Pickling used to be something people did to preserve fresh foods for the cold winter—often vegetables, though meat, fruit and eggs also were commonly used. Many explorers and seafarers are known to have pickled foods to preserve them for long voyages, hopefully preventing scurvy along the way. These days most of us have access to fresh fruits and veggies all year long, so pickles are as essential as they once were, but they still go great with a pastrami sandwich.

Quick pickling vs. fermented

One of the first things to explore when it comes to pickling is the difference between “quick pickles” and fermented pickles. Quick pickles are typically made by soaking the veggies in a vinegar mixture for just a few days. Fermented pickles take longer. They’re made by brining the items in a salty solution, inducing anaerobic fermentation.

Sauerkraut and kimchi are examples of foods that ferment when you add dry salt. Pickles made through fermentation have prebiotics and probiotics, which are thought to have health benefits, though the benefits are not totally understood and continue to be studied.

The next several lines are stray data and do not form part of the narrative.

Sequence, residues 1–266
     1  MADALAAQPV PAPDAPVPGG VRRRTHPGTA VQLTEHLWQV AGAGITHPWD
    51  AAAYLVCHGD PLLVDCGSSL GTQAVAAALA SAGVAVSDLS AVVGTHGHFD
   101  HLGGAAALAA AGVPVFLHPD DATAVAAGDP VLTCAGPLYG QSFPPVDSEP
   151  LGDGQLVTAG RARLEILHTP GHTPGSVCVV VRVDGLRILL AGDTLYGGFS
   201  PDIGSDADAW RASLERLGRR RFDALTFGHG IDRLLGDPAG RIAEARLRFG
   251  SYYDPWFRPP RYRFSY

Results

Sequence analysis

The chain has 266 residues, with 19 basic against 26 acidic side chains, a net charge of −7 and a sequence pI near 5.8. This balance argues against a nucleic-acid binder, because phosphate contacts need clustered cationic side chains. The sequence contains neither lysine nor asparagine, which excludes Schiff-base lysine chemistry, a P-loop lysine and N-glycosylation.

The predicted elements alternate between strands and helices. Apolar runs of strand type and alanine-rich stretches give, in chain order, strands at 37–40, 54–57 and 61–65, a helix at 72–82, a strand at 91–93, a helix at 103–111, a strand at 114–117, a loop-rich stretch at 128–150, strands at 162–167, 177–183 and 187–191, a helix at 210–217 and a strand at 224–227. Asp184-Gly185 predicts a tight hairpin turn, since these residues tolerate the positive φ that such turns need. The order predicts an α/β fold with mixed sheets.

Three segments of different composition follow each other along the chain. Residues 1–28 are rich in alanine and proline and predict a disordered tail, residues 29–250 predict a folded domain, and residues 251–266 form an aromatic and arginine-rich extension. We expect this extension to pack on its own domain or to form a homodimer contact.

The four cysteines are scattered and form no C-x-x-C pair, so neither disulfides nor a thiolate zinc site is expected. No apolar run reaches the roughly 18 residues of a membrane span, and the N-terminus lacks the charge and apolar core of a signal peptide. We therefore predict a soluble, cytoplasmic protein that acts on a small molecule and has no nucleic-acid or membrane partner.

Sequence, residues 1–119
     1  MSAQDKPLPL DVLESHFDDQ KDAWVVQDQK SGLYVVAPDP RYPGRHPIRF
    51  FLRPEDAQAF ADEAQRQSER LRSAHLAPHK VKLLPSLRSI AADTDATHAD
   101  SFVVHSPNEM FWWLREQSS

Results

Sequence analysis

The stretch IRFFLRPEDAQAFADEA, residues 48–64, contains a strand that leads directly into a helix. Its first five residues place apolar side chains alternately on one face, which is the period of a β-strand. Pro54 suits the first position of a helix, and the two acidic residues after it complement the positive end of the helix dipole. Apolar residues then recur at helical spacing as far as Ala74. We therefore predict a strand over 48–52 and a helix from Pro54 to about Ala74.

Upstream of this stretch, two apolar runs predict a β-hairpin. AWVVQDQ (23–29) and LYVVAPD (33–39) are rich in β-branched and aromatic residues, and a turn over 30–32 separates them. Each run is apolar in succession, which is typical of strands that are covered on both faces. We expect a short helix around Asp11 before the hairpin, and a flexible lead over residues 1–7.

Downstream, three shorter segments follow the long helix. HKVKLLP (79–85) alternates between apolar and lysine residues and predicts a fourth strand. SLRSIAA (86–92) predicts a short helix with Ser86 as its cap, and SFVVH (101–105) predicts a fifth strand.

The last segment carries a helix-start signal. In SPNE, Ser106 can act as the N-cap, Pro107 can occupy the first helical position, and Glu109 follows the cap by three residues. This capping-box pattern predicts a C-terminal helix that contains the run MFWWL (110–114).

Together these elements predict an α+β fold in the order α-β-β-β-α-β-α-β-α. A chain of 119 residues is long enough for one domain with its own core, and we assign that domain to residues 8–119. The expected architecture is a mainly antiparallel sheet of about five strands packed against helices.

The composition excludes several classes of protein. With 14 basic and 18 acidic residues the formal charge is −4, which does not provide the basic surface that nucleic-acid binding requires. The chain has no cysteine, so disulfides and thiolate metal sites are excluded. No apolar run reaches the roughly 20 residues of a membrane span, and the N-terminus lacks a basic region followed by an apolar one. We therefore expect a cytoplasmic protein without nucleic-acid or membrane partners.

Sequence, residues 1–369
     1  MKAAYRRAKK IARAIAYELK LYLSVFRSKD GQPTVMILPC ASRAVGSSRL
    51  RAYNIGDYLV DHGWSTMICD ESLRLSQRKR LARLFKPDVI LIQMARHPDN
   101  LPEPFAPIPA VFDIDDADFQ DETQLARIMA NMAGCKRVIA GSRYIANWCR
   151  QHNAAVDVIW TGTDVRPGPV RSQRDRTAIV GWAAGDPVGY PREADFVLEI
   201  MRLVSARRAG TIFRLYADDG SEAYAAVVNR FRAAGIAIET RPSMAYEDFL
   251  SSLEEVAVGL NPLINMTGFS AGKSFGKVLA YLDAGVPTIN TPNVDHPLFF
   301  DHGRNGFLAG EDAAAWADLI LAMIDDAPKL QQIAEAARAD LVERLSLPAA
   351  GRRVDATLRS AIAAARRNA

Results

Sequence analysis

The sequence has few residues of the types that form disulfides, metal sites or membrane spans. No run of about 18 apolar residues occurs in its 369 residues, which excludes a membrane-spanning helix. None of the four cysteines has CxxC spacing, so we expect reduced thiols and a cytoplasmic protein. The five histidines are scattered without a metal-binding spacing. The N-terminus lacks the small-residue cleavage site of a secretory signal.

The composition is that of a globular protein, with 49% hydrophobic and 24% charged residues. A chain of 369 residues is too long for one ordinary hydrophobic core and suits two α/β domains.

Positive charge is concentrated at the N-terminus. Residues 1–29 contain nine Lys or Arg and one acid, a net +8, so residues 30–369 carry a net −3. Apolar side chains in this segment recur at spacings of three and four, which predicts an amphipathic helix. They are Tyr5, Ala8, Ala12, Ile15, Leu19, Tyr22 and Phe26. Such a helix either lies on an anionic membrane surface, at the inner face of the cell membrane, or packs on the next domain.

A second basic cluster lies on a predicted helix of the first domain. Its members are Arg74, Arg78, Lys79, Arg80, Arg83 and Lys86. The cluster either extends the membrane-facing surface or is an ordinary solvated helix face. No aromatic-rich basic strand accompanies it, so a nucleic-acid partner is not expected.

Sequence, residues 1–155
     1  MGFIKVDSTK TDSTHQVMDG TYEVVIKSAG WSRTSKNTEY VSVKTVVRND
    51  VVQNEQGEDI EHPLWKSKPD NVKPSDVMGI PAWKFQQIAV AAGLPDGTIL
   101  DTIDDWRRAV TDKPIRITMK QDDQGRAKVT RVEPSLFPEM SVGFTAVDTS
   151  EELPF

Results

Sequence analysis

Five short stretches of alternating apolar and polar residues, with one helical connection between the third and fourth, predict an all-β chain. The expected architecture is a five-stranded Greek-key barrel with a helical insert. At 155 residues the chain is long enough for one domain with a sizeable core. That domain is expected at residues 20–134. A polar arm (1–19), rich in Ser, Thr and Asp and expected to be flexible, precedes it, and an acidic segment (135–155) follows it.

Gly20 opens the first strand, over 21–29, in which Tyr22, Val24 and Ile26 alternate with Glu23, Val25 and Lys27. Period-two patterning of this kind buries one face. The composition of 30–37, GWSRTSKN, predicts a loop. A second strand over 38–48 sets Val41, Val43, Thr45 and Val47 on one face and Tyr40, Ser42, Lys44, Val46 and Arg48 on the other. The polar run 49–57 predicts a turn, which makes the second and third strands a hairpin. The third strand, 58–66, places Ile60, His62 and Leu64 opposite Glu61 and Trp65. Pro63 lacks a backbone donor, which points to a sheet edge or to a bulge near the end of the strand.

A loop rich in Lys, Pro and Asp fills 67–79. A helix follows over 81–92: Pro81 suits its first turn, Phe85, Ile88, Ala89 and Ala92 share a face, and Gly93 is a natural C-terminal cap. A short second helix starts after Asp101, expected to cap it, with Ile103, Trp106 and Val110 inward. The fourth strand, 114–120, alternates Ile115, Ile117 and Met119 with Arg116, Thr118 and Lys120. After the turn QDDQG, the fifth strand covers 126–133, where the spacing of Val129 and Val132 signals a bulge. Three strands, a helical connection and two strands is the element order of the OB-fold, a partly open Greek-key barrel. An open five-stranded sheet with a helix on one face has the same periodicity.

For quick pickling, I use this recipe by Shutterbean. I keep coming back to it over and over again. I sometimes sub in a bit of white vinegar instead of using all cider vinegar. But see what you like about these other recipes too.

So what can you pickle? Almost anything, in fact. Here are a few things to try.


This recipe on Serious Eats combines eggplant with mint and garlic (and red wine vinegar) for a zippy yet pleasant result.


Pickled beets are fairly common—and they are my favorite thing to pickle. Pop them on salad, in your rice, on a sandwich, or just eat them on their own. They’re that good. Try this recipe from Canadian Living. Skip some of the spices if you don’t feel like using them. Personally I like to keep my pickles simple.

Bell peppers and green beans

For a slim pickle with a pleasant crunch, try bell peppers or green beans. Both can often be found on sale sometimes at the grocery store or at farmers markets, and make a really nice topping to a green salad. Also, pickled green beans are visually cool and fit nicely in a jar.

Classic dill pickles from cucumbers

This is the one we all know and most of us love. It’s a crunchy cucumber brined in salt water and a bit of vinegar to create a timeless dill pickle. Give it a whirl.

A bit of everything

There’s no reason why you can combine and pickle up a bunch of vegetables that are lingering around your crisper, half-finished and starting to fade. Jamie Oliver does just that in this recipe, adding olive oil to the mix.

What’s your favorite food to pickle? Let us know in the comments!

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